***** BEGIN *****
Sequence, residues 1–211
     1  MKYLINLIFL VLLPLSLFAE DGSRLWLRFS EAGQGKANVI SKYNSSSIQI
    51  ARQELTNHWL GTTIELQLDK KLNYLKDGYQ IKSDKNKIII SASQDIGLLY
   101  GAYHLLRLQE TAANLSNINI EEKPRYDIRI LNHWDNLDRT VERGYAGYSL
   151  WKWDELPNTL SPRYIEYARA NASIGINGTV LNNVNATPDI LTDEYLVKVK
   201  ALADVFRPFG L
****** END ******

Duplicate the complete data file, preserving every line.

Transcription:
Sequence, residues 1–211
     1  MKYLINLIFL VLLPLSLFAE DGSRLWLRFS EAGQGKANVI SKYNSSSIQI
    51  ARQELTNHWL GTTIELQLDK KLNYLKDGYQ IKSDKNKIII SASQDIGLLY
   101  GAYHLLRLQE TAANLSNINI EEKPRYDIRI LNHWDNLDRT VERGYAGYSL
   151  WKWDELPNTL SPRYIEYARA NASIGINGTV LNNVNATPDI LTDEYLVKVK
   201  ALADVFRPFG L